International Herald Tribune
BILIN, West Bank: While the international media has been focusing on Israel’s planned withdrawal from the Gaza Strip, in my village of Bilin, near the West Bank city of Ramallah, we are living an equally important but overlooked story. Though Israeli forces plan to withdraw from Gaza, they are simultaneously expanding their West Bank settlements. On our village’s land, Israel is building one new settlement and expanding five others. These settlements will form a city called Modiin Illit, with tens of thousands of settlers, many times the number to be evacuated from Gaza. These settlements consume most of our area’s water. Throughout the West Bank, settlement and wall construction, arrests, killing and occupation continue.
One year ago, the International Court of Justice handed down an advisory ruling that Israel’s construction of a wall on Palestinian land violated international law. Today, Palestinians in villages like ours are struggling to implement the court’s decision and stop construction using nonviolence, but the world has done little to support us.
Bilin is being strangled by Israel’s wall. Though our village sits two and a half miles east of the Green Line, Israel is taking roughly 60 percent of our 1,000 acres of land in order to annex the six settlements and build the wall around them. This land is also money to us – we work it. Bilin’s 1,600 residents depend on farming and harvesting our olives for our livelihood. The wall will turn Bilin into an open-air prison, like Gaza.
After Israeli courts refused our appeals to prevent wall construction, we, along with Israelis and people from around the world, began peacefully protesting the confiscation of our land. We chose to resist non-violently because we are peace-loving people who are victims of occupation. We have opened our homes to the Israelis who have joined us. They have become our partners in struggle. Together we send a strong message – that we can coexist in peace and security. We welcome anyone who comes to us as a guest and who works for peace and justice for both peoples, but we will resist anyone who comes as an occupier.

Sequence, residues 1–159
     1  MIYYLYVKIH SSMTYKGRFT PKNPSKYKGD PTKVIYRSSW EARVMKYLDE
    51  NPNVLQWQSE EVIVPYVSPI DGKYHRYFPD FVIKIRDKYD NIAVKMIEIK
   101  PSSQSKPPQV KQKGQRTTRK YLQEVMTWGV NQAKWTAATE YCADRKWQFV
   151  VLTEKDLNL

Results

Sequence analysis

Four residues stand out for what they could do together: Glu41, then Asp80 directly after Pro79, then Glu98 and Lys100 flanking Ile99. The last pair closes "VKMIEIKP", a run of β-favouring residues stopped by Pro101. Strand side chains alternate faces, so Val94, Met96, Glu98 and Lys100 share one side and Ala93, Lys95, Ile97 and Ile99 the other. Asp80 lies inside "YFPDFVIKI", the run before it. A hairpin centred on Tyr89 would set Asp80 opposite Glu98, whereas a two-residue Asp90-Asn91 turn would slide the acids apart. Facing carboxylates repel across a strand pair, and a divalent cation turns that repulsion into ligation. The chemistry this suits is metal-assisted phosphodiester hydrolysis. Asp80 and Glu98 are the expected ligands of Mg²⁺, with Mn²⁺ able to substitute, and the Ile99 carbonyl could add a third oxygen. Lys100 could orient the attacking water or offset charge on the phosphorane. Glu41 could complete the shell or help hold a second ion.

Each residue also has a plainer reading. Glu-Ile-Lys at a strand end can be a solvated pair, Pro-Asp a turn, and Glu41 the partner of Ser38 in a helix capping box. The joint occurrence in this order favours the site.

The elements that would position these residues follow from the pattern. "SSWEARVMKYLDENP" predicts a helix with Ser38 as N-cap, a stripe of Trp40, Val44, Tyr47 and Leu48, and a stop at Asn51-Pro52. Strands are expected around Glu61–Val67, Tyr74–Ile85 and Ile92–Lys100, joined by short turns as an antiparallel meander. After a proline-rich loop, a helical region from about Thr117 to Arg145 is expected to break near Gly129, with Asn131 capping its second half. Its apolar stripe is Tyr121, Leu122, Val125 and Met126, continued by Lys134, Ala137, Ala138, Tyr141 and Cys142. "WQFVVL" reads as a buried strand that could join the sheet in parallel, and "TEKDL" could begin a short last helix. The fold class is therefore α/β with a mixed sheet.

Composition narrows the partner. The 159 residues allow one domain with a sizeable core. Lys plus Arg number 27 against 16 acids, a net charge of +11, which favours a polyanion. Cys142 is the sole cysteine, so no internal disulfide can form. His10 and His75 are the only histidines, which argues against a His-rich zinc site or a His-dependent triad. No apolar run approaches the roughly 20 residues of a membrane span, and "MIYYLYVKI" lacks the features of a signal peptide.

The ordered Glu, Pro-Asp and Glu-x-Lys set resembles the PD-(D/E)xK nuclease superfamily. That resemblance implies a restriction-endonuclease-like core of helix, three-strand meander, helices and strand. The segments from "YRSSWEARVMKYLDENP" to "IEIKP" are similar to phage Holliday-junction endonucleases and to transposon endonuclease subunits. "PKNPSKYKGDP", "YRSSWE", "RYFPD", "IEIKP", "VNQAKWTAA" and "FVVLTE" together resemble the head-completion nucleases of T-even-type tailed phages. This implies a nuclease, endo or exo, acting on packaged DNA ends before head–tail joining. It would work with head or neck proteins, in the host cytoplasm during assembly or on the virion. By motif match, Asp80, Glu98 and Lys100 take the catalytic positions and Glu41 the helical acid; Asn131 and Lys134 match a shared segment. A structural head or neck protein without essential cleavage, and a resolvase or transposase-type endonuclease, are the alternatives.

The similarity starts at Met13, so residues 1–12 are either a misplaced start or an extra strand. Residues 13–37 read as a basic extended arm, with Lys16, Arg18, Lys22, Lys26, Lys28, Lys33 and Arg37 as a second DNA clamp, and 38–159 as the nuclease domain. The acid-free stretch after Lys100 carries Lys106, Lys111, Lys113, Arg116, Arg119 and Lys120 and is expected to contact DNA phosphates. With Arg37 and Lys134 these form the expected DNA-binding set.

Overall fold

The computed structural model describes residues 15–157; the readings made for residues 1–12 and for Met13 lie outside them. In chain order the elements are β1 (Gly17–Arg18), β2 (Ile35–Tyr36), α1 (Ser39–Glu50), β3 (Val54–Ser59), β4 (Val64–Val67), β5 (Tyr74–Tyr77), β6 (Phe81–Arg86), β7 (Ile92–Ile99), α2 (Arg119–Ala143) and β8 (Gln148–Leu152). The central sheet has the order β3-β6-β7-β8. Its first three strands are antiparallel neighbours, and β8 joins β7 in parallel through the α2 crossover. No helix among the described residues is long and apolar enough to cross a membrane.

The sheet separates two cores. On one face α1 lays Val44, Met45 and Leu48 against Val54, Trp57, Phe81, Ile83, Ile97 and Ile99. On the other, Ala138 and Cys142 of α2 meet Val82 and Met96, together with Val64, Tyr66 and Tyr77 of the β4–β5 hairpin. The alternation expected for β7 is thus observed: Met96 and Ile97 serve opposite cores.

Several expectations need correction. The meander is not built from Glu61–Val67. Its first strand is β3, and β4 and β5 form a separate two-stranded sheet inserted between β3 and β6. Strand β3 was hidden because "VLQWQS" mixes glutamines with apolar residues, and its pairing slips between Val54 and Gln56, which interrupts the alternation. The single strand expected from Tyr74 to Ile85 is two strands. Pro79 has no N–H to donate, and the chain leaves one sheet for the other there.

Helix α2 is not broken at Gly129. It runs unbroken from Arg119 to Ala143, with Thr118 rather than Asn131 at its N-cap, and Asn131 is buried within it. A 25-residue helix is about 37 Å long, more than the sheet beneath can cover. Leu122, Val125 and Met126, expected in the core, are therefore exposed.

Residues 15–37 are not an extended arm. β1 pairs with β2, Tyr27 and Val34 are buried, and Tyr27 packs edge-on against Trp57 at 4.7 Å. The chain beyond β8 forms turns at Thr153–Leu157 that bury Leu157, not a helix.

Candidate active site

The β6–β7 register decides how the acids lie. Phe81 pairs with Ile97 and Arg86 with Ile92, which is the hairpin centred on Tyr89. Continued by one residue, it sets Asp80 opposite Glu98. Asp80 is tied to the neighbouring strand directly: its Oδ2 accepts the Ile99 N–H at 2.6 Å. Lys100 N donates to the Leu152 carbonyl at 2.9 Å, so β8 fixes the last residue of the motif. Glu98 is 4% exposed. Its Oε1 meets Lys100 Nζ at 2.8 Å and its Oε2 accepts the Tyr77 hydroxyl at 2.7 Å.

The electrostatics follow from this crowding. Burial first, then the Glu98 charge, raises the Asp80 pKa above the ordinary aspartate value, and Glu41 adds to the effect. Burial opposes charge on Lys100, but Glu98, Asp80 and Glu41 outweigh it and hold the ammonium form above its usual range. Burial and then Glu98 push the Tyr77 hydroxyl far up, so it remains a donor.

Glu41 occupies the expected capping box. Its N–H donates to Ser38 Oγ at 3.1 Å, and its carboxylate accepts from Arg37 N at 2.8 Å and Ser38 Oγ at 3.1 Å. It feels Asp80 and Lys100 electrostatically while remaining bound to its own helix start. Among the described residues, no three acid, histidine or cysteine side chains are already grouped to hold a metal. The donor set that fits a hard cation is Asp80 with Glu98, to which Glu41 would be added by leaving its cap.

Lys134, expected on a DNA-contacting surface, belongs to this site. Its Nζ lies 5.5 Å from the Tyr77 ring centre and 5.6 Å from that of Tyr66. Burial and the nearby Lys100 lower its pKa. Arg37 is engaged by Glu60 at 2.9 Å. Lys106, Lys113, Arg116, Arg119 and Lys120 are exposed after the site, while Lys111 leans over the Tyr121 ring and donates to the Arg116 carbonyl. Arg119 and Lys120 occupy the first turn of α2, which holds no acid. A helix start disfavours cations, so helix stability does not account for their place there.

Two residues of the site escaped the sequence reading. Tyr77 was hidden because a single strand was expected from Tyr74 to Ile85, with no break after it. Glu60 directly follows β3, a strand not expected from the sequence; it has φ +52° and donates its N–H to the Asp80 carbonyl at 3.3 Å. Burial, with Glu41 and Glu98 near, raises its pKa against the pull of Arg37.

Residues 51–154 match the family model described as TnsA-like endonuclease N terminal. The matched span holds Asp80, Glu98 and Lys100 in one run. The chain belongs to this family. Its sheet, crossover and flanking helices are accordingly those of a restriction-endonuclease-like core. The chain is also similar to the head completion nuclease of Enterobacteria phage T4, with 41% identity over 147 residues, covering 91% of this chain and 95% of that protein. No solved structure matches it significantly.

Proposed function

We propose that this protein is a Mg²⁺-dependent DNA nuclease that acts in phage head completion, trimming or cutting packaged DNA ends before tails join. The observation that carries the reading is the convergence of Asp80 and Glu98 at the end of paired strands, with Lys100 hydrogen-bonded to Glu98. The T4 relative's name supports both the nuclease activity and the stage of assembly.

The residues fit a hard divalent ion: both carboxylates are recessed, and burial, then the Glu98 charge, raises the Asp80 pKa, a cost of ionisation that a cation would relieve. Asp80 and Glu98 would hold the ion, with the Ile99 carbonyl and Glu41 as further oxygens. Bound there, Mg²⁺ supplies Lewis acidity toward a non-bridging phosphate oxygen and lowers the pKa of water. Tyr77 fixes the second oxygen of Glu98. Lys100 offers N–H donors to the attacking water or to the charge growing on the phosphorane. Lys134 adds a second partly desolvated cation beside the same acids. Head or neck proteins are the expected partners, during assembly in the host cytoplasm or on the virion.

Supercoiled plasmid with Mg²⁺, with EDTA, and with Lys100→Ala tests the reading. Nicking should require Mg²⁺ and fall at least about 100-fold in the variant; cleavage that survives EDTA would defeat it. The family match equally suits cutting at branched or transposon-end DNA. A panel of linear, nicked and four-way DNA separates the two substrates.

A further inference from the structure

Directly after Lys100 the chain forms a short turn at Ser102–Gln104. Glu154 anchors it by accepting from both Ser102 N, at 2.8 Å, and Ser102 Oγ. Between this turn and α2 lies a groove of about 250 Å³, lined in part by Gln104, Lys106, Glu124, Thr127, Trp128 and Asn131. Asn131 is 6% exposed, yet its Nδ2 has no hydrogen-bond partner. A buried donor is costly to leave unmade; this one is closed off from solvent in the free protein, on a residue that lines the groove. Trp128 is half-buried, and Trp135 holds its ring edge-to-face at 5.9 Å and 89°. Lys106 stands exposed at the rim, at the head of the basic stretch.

We have held more than 50 peaceful demonstrations since February. We learned from the experience and advice of villages like Budrus and Biddu, which resisted the wall nonviolently. Palestinians from other areas now call people from Bilin “Palestinian Gandhis.”
Our demonstrations aim to stop the bulldozers destroying our land, and to send a message about the wall’s impact. We’ve chained ourselves to olive trees that were being bulldozed for the wall to show that taking trees’ lives takes the village’s life. We’ve distributed letters asking the soldiers to think before they shoot at us, explaining that we are not against the Israeli people, but against the building of the wall on our land. We refuse to be strangled by the wall in silence. In a famous Palestinian short story, “Men in the Sun,” Palestinian workers suffocate inside a tanker truck. Upon discovering them, the driver screams, “Why didn’t you bang on the sides of the tank?” We are banging – we are screaming.
In the face of our peaceful resistance, Israeli soldiers attack our peaceful protests with teargas, clubs, rubber-coated steel bullets and live ammunition, and have injured over 100 villagers. They invade the village at night, entering homes, pulling families out and arresting people. At a peaceful protest on June 17, soldiers arrested the brothers Abdullah and Rateb Abu Rahme, two village leaders. Soldiers testified that Rateb was throwing stones. An Israeli military judge recently ordered Rateb’s release because videotapes showed the soldiers’ claims were false.
The Palestinian people have implemented a cease-fire and have sent a message of peace through our newly elected leadership. But a year after the international court’s decision, wall building on Palestinian land continues. Behind the smoke screen of the Gaza withdrawal, the real story is Israel’s attempt to take control of the West Bank by building the illegal wall and settlements that threaten to destroy dozens of villages like Bilin and any hope for peace.
Bilin is banging, Bilin is screaming. Please stand with us so that we can achieve our freedom by peaceful means.
(Mohammed Khatib is a leading member of Bilin’s Popular Committee Against the Wall and the secretary of its village council.)